• Weight loss of 3%–6% body fat over 3–4 days even without dehydration significantly reduces the average work performance for tasks as short as 6 minutes.

Weight Management Guidelines and Rules ( Box 88.1 )

  • 1964: NFHS Athletic Associations urged states to pass regulations that included “weight control plans” that would decrease potentially dangerous rapid weight loss methods.

  • 1976: American College of Sports Medicine Position Stand on Weight Loss in Wrestlers called for weight certification based on a preseason measurement of body composition.

  • 1991: Wisconsin becomes the first high school athletic association to implement a mandatory preseason body composition as the basis for weight certification. Minimum weight was based on 7% body fat. A nutrition education program for wrestlers and coaches was included. Subsequent studies found significant decreases in rapid weight loss and weight cycling in Wisconsin high school wrestlers. Michigan instituted a similar rule in 1997.

  • 1997–1998: Deaths of three collegiate wrestlers while attempting rapid weight loss

  • 1998: NCAA implements five rule changes for the 1998–1999 competitive season, including a minimum weight based on 5% body fat and moving weigh-ins to at most 1 hour before competition (see Box 88.1 ).

  • NFHS calls for each individual state high school athletic association to develop a program to “discourage excessive weight reduction and/or wide variations in weight.” This recommendation became a national mandated rule for the 2006–2007 season. However, the NFHS is an advisory organization. Each state athletic association sets its’ own rules and regulations.

  • The NJCAA and NAIA both mandate that their member institutions adhere to the NCAA Weight Management Program for wrestlers.

  • NCAA and NFHS weight management programs both allow for an exception to the minimum body fat certification for athletes who have <5% body fat (NCAA) or <7% body fat (NFHS) at the preseason body composition assessment. These wrestlers are allowed to wrestle at their preseason weight with a statement from a physician that this weight is their “normal” healthy weight.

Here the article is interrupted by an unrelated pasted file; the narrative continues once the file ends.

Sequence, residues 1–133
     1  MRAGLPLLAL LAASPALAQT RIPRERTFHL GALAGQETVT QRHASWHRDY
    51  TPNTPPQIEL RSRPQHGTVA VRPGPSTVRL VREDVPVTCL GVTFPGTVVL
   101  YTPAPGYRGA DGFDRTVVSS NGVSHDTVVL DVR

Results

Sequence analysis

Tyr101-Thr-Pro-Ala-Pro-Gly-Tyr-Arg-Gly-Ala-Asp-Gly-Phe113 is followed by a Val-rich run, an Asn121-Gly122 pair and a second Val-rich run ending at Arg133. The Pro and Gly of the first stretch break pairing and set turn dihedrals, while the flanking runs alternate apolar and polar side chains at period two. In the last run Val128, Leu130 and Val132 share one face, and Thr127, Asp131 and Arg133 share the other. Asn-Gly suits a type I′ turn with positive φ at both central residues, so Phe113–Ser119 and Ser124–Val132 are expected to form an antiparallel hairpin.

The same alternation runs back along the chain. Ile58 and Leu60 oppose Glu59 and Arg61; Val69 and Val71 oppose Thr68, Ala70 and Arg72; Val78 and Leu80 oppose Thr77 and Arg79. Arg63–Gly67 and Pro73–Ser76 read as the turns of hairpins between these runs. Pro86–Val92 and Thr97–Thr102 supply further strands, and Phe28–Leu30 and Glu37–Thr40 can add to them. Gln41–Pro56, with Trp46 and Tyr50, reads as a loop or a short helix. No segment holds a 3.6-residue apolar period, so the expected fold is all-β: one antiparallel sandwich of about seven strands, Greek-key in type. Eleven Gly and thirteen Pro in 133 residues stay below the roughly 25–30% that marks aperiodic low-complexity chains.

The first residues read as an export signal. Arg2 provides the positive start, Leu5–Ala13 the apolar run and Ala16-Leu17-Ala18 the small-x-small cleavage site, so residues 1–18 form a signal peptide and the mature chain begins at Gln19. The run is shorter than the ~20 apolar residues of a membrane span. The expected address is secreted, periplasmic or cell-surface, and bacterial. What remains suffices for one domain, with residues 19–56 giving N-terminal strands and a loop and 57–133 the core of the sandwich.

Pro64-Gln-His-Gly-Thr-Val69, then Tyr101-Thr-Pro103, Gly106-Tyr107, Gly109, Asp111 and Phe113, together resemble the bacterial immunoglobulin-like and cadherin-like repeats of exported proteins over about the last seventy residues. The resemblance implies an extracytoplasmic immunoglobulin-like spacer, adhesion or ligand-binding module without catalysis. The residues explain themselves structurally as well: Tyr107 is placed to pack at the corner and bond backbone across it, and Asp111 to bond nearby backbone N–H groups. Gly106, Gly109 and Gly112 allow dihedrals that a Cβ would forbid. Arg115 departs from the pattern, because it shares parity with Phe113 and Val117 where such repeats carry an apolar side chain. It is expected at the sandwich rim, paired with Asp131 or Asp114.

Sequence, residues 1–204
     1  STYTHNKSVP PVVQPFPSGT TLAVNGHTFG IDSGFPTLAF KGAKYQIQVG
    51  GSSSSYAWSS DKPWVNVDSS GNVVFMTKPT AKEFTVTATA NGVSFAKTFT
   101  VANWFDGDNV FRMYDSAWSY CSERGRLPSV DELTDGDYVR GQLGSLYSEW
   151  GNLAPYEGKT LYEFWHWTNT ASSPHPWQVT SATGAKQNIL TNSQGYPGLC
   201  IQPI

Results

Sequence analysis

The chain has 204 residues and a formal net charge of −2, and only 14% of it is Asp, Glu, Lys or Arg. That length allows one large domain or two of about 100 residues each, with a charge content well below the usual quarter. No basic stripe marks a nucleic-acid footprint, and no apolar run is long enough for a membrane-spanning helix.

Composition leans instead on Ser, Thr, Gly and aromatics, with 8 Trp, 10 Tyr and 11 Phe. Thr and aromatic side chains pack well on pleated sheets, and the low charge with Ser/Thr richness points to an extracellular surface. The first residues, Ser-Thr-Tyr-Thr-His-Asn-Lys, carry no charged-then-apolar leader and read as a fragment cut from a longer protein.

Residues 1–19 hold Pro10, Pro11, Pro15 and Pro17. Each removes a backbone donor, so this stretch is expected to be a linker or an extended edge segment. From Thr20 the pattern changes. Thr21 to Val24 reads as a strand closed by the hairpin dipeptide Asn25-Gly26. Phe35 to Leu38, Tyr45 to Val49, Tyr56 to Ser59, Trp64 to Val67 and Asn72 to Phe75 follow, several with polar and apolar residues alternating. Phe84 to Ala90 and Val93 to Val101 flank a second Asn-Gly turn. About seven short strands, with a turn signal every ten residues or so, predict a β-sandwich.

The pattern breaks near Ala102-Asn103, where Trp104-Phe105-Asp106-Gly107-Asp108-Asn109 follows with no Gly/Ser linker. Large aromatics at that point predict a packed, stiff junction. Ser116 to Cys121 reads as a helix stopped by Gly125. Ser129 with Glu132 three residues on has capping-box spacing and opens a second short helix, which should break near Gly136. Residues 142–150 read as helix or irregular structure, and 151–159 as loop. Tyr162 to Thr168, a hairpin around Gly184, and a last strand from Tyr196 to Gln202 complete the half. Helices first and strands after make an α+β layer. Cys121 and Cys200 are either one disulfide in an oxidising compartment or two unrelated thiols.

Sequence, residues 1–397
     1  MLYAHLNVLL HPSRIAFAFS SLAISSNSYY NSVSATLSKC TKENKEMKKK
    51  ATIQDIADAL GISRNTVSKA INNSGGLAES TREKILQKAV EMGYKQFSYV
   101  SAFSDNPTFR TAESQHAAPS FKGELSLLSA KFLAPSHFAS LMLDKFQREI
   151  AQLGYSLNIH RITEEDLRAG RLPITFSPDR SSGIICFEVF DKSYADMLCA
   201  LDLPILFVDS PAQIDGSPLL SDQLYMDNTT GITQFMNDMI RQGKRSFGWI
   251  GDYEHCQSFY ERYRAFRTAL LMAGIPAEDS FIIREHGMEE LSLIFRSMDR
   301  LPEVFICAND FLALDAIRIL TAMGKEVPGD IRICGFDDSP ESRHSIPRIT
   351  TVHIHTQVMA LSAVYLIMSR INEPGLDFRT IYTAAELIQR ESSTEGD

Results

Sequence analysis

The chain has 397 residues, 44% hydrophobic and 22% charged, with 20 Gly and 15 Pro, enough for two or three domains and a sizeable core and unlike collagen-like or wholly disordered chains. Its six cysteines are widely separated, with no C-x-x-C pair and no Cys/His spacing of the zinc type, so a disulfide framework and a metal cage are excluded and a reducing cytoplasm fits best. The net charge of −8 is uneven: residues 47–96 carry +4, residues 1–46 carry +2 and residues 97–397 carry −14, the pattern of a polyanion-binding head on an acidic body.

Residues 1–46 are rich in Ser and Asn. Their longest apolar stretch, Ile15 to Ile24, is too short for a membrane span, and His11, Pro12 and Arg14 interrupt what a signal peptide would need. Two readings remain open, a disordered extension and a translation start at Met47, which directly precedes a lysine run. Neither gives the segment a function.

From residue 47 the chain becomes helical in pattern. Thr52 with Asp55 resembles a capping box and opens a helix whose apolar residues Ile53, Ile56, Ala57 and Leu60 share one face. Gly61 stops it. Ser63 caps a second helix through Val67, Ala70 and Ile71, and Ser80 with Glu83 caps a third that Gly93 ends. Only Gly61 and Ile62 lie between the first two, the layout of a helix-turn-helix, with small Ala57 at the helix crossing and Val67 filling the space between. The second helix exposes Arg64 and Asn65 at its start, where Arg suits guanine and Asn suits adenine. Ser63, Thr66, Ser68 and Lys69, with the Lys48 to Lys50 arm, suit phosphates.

• Very unusual for postpubescent wrestlers to have <7% body fat in high school or <5% body fat in college. Studies of wrestlers at NCAA championships found no wrestlers with >5% of body fat, and <5% of wrestlers had <7% of body fat.

  • USA Wrestling governs international-style wrestling tournaments for all age groups. USA Wrestling prohibits several rapid dehydration techniques such as saunas and “hot boxes” and vapor-impermeable suits at their non-Senior level competitions. However, there are no other weight loss rules and there is no minimal weight certification.

Box 88.1

NCAA and NFHS Weight Management Programs *

* The NFHS is an advisory organization. Each state athletic association determines its own specific rules that may or may not incorporate the NFHS recommendations.

  • Preseason establishment of minimum weight based on lean weight assessment

    • NFHS: 7% body fat (boys), 12% body fat (girls)

    • NCAA: 5% body fat (men)

  • Urine specific gravity (Usg) at initial weight certification

    • NFHS: Usg < 1.025

    • NCAA: Usg < 1.020

  • Not more than 1.5% body mass loss per week

  • Weigh-ins must occur within an hour of the start of dual meets (2 hours for tournaments)

  • The use of laxatives, diuretics, emetics, excessive food and fluid restriction, self-induced vomiting, impermeable (plastic or rubber) suits, hot rooms, hot boxes, steam rooms, and saunas is prohibited.

  • NFHS: The weight management program should include “a nutritional component developed at the local level.”

NFHS: National Federation of State High School Associations: NFHS 2015–2016 Wrestling Rule Book.

NCAA: National Collegiate Athletic Association; NCAA Wrestling 2015–2016 and 2016–2017 Rules and Interpretations.

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Jul 19, 2019 | Posted by in SPORT MEDICINE | Comments Off on Wrestling